Network Rail have already applied for the TWAO and then completed a review that recommended the original scheme. Yes there will be additional design work to do, but I don't believe for a second that they don't have enough information to greenlight the project if they want to. Why do they need to do it all again?
 

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Why does Sheffield lose out whatever plans are suggested?? Very frustrating. It’s a ‘massive’ city and bang in the middle of everything but not on the radar. Very frustrating.
Manchester is like a mythical impossible place to get to from this side of the Pennines, but hopefully the Mancs get their underground station!!
In this situation I would say that Sheffield made their bed and are now laying in it. The city's leaders campaigned effectively for the city to be taken off the route by wanting trains to serve the existing station, despite the fact that would clearly be effectively impossible. The only way to satisfy the persistent demand was the currently proposed scheme, which has been at the detriment of the entire Eastern leg which now misses out its second largest city and misses the opportunity to connect Yorkshire's two largest cities.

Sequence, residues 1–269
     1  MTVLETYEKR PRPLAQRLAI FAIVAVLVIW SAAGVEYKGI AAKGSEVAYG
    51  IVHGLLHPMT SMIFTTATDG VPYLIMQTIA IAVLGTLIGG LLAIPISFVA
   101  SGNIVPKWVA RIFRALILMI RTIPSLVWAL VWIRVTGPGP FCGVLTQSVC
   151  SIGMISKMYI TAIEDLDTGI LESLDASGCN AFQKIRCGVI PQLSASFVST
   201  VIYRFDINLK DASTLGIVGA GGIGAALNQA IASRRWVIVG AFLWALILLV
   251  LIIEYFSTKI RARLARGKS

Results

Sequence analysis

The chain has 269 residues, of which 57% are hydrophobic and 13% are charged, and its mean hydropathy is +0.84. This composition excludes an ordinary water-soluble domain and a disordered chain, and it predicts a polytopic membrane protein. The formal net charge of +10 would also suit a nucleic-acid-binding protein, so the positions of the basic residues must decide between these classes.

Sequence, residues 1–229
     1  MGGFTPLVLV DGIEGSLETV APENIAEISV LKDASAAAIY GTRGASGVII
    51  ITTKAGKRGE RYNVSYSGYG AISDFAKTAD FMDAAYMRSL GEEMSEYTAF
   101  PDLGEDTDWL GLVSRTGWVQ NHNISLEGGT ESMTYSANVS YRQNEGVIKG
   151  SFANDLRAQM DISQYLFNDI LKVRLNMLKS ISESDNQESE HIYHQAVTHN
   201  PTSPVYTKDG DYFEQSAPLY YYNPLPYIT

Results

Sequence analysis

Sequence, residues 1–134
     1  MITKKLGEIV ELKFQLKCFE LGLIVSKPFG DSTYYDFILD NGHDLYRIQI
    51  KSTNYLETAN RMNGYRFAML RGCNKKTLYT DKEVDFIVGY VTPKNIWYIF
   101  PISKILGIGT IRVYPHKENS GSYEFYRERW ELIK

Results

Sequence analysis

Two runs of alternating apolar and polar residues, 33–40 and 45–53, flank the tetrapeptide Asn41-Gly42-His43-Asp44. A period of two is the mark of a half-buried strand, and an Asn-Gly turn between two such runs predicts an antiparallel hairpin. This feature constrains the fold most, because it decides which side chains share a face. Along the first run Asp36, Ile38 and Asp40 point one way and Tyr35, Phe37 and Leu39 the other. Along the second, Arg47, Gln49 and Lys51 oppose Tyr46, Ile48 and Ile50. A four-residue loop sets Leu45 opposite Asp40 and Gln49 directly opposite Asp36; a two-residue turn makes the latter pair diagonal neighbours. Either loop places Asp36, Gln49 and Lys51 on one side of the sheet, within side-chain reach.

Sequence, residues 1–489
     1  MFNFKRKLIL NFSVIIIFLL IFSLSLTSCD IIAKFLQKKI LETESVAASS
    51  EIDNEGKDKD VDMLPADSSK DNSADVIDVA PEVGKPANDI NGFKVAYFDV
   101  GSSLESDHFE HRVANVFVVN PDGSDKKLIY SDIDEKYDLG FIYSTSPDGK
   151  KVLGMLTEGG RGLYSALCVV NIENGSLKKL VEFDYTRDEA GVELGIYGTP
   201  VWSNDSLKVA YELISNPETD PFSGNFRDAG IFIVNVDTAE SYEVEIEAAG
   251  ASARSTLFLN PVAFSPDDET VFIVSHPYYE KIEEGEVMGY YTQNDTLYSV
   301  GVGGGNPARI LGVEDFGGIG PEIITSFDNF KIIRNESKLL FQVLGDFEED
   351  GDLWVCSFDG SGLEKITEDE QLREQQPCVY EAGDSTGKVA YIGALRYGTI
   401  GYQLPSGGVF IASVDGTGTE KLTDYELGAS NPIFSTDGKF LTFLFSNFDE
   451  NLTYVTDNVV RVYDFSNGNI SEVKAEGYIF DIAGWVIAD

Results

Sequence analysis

It was a stepping stone to effectively realising that if you're bypassing Sheffield anyway, you may as well extend the western leg to Leeds instead of building a parallel leg pretty much just for Leeds (and East Midlands).
 

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In this situation I would say that Sheffield made their bed and are now laying in it. The city's leaders campaigned effectively for the city to be taken off the route by wanting trains to serve the existing station, despite the fact that would clearly be effectively impossible. The only way to satisfy the persistent demand was the currently proposed scheme, which has been at the detriment of the entire Eastern leg which now misses out its second largest city and misses the opportunity to connect Yorkshire's two largest cities.

It was a stepping stone to effectively realising that if you're bypassing Sheffield anyway, you may as well extend the western leg to Leeds instead of building a parallel leg pretty much just for Leeds (and East Midlands).
If the scenario came to pass Leeds will miss out on the fast service to Birmingham plus Manchester will be 30 minutes quicker to London than rail. Improvements to places like Nottingham would be off the cards aswell for Leeds.
If HS2 uses classic compatible services to Sheffield as suggested by the proposals diagrams put forward, it would I guess be another 10 minutes extra to present plans as the route through Derby is more direct and the hs2 line into Sheffield came of so far south of Sheffield to capture the Chesterfield trade, it didn’t benefit that much from the faster lines.
Tbf I wonder if the council leaders would have pushed for Victoria over Meadowhall knowing what they do now. Meadowhall is super plugged into midland and the whole of South Yorkshire tbf....